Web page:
Oil Painted Portrait of George Washington by Civil War Union Brigadier General & Artist Samuel Woodson Price
c. 1860s, George Washington Painted Oil on Canvas Portrait, by Samuel Woodson Price (1828-1918), Ornately Framed, Choice Extremely Fine.
Beautifully executed Oil-on-Canvas Portrait of President George Washington, inscribed on stretcher verso: “S.W. Price, Lexington, KY.” Samuel Woodson Price (1828-1918) who was a Brigadier General for the Union Army during the Civil War. This stunning Portrait of Washington was accomplished by Price during the years surrounding the Civil War. In addition to his importance as a Civil War Union General, Price was also a renowned artist whose work is represented in several major museums, including the Smithsonian National Portrait Gallery.
This head-and-shoulders rendering of George Washington is housed in a highly ornate decorative gilt frame of the period with a central oval display for the artwork measuring 21.25” x 26.25” (by sight). The surrounding frame measures 34” x 41” overall. A few scattered small chips with minor wood loss and a few wear scraps to the frame, yet the portrait is in extremely fine condition, which perhaps can be improved with cleaning. An important decorative painting in terms of both its subject matter and artist. Ready to hang upon display.
Samuel Woodson Price (August 5, 1828 – January 22, 1918) was a Portrait Artist, Union General in the American Civil War, and Author.
For a time, Price studied portrait painting with William Reading, an artist in Louisville, Kentucky, and later with Oliver Frazer in Lexington, Kentucky. In 1849, Price left Kentucky for New York City where he enrolled in the School of Design and studied for five months. The following year, Price had reopened his studio in Lexington, but he was persuaded to move to Louisville by a prominent citizen in 1851. One of his most notable students was Thomas Satterwhite Noble, who studied with him in 1852.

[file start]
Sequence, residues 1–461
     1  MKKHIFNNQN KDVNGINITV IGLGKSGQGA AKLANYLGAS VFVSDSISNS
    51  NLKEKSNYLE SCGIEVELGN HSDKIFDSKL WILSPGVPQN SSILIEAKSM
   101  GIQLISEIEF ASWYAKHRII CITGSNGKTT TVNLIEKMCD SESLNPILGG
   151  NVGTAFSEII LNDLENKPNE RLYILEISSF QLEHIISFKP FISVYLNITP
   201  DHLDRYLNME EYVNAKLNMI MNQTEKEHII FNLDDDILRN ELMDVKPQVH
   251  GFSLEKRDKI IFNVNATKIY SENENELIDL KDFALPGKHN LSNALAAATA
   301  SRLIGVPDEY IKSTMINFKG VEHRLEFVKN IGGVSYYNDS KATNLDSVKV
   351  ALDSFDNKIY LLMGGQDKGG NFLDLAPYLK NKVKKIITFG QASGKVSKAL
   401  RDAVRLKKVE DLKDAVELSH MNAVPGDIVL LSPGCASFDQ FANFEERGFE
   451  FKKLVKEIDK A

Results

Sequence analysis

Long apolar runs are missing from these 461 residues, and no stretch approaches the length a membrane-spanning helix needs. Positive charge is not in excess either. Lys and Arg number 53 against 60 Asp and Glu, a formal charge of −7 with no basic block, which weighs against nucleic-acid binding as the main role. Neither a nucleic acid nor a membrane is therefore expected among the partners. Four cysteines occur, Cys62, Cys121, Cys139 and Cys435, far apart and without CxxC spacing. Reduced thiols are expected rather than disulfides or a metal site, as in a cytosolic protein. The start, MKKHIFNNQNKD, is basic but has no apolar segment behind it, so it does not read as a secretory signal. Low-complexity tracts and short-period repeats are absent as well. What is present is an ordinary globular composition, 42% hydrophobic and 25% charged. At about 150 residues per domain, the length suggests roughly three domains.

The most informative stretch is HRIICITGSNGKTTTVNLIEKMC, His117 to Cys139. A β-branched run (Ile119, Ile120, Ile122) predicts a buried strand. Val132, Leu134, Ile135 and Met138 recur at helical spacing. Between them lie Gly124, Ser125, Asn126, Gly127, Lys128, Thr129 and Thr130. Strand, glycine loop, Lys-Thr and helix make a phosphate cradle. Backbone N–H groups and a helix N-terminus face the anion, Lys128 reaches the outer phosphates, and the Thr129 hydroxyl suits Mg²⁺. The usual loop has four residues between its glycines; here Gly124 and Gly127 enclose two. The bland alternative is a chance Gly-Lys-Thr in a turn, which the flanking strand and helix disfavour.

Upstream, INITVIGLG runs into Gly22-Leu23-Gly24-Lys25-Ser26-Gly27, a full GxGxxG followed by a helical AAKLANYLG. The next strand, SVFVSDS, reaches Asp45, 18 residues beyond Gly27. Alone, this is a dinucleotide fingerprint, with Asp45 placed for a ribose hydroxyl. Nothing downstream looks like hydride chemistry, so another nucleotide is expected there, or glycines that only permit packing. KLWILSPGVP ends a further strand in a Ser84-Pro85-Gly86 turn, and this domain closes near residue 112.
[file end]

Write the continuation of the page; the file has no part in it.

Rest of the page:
In 1853, Price married Mary Frances Thompson. Together they had a son and two daughters.
Price traveled extensively through Kentucky, Tennessee, and other states throughout the 1850s, painting portraits of prominent citizens. In 1859, he once again relocated to Lexington. While living there, Price became a captain and commander of "The Old Infantry", a state guard unit.
Although many other Kentucky State Guard units would join the Confederacy, Price and the men of "The Old Infantry" helped form the 21st Kentucky Infantry. Price enlisted as a corporal, but soon rose to the rank of captain. On February 26, 1862, he was made colonel and led the regiment through many of the major campaigns in the western theater. Price was wounded at the Battle of Kennesaw Mountain on June 27, 1864, when his regiment captured and held the Moulton and Dallas Road while being greatly outnumbered. He recovered from his wound and was subsequently assigned as post commander of Lexington, a position he held until the war ended. Price was mustered out of the U.S. Volunteers on December 9, 1865.
In recognition of his service and especially his leadership at Kennesaw Mountain, on January 30, 1867 (and again on March 23, 1867) President Andrew Johnson nominated Price for appointment as a brevet brigadier general of volunteers, to rank from March 13, 1865, and the United States Senate confirmed the appointment on March 28, 1867.
Price relocated to Washington, D.C. soon after the Civil War where he received commissions to Paint Portraits of Generals George H. Thomas and William S. Rosecrans. In 1869 he was appointed Postmaster of Lexington where he spent a great deal of his time painting on the upper floor of the post office building. President Ulysses S. Grant removed Price from this position in April 1876.
Facing mounting financial debt, Price once again moved to Louisville in 1878 where he established a studio in the Louisville Courier-Journal office building. Two years later, Price became blind in one eye, and by 1881 he was totally blind in both eyes.
Undeterred, he dictated a history of the 21st Kentucky Infantry in 1882, which was published as part of The Union Regiments of Kentucky in 1897. He also wrote The Old Masters of the Bluegrass, which was published by the Filson Club in 1902 and Biographical Sketch of Colonel Joseph Crockett in 1909.
His wife died in 1892 and he lived with his son, Robert Coleman Price, in Louisville and St. Louis, Missouri. Price died in St. Louis on January 22, 1918 and was buried in Arlington National Cemetery